[In Part 2 of a 3-part post series from Dao Strom/The Sea and The Mother, regarding her hybrid music-literary project, We Were Meant To Be A Gentle People (East EP). This post includes a music video for one of the songs on the EP, “Origin Tale,” plus some related images and musings.]
Beginnings are cataclysmic.
The birth event, the crossing, the passage across the now-new threshold—all involve something upheaved, abandoned, wrought or obliterated in their wake. A violence of movement. The word “cataclysm,” if you trace it back to its roots, yields the expected diluvian references—from the Greek kataklysmos (“deluge, flood, inundation”); from kataklyzein (“to deluge”); from kata (“down”) + klyzein (“to wash”). Cataclysm is born of water and washing(s)—(clean or away).
The cataclysm of water also plays a roll in our story. The ocean that bore us (mythologically), also transported and separated us.
Enter autobiography: I was 2 at the Fall of Saigon, and I left Vietnam in April of 1975 with my mother and brother. I remember nothing of it. But somehow, as far back as I can remember, I always understood – whether or not I understood the particulars – that there was a rift behind us. Something was damaged; we had walked out of some gray or ruined place or state of being. The first childhood dreams I can recall were nightmares: being abandoned by my mother, or going to search for her with my brother and coming upon a woman who was wild and menacing; one dream in particular involved going into a public bathroom in a deserted cityscape, debris and rubble surrounding, and the walls of the bathroom being of tile, salmon-pink, cracked, where at first I am with my mother and then she is gone and I go back out crying and searching for her. The sky is dark and full of bruised purple clouds. These scenes are apocalyptic. For some reason scenes of apocalypse, of structures under construction (or in the midst of de-construction), abandoned lots, stark, slumbering landscapes only bleakly inhabited, to a degree have always resonated with me.
Maybe this affinity for scenes of post-destruction is due the general lament of a modern world-view, a consequence of post-industrial paradox. But I also fault Vietnam. Not the country itself, not the culture exactly, but the whole cataclysm of it—which our particular diaspora sprang from; the whole contradictory, hard-to-grasp, lingering-but-overlookable condition that is the postwar inheritance/disinheritance of “Vietnam,” whether you knew her as a war, or a home, or a past you never truly knew, or as a hell-ish, egregiously televised debacle of the late 20th century. As an example; a strategic bungle. Or as a myth; a lost under-recognized something that could’ve been something else. We carry this in our recent DNA.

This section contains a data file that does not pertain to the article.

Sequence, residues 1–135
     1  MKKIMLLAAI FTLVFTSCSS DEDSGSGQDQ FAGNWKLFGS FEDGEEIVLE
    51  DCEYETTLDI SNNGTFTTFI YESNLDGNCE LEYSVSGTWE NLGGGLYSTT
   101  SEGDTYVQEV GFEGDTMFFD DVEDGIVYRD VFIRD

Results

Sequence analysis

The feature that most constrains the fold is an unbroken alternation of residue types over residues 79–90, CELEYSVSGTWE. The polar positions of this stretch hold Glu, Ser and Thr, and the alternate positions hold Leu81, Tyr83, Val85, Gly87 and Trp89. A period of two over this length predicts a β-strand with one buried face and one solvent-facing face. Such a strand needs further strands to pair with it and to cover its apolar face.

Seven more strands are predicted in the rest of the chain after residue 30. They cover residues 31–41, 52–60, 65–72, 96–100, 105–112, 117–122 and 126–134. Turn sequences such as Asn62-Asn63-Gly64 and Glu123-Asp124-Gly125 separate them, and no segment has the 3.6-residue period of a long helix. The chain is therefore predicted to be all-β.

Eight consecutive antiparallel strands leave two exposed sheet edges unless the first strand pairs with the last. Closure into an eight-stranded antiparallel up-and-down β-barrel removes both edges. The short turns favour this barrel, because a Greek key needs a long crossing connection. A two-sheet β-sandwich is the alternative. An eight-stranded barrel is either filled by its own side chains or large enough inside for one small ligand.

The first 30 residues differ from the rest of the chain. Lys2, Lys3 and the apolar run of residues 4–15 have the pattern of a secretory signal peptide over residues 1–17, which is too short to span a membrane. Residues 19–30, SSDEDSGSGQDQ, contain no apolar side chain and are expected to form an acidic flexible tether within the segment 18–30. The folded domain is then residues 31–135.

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A friend of my mother’s—one of the first-generation (who was young in Vietnam pre-1975)—puts it another way. He says there has not been a time like this in the history of the Vietnamese people in over 1,000 years. Think of this: For 1,000 years, we fought wars against invaders, we defended and inhabited the soil of our motherland; then, in 1975, we began to leave. Never before in our history have so many Vietnamese left Vietnam. In his words: “This is an exciting time to be a Vietnamese. The first time for the Vietnamese people.” Sitting on a couch in the nice suburban lake-front house in Seattle where I am visiting with friends of my mother’s, far up the Pacific seaboard, nestled in the the northwestern landscape of tall firs and misty perpetual rainfall, we are having this conversation. Thousands of miles from the past and the past land we still, each in our ways, wrestle with. I say, “It’s time for a new mythology.” And he says, “Yes.”
What stays with me, though, is this notion of the identity of a people shifting for the first time in a thousand years. Certainly it’s nothing new—this story of exodus and a people separated from their ideal land; the world over knows this particular myth—but the literal arena of our divergence has been transposed to ‘be read’ in different “keys” of landscape now. Where once it was just mountains and sea, north vs. south, now the dichotomy is challenged; multiplicity enters the picture. The distance has physically expanded to include a vast configuration of geographies—scattered, global, varied. This is what really captures my imagination. The movement in between, the spaces in between, the processes of transition and transformation, the ambiguity of becoming… Where do we go from here? Who will we be next? And who are we now that we’ve surrendered the fight (that we – nationalistically – so prided ourselves on never relinquishing, even the times we lost)?
What did we really lose? What did we let go of? Was it necessary? Was it for the better, or worse? And does that matter? Is it even assessable?
The act of traveling between places, and hence the act of emigrating/migrating is a humbling passage, I think. It requires relinquishing—what you thought you knew before, what you accepted were the norms and bounds of perception, culture, self, etc.
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I think we are still forming our new shells, and hence our new selves. Water and motion are still so much a part of who we are.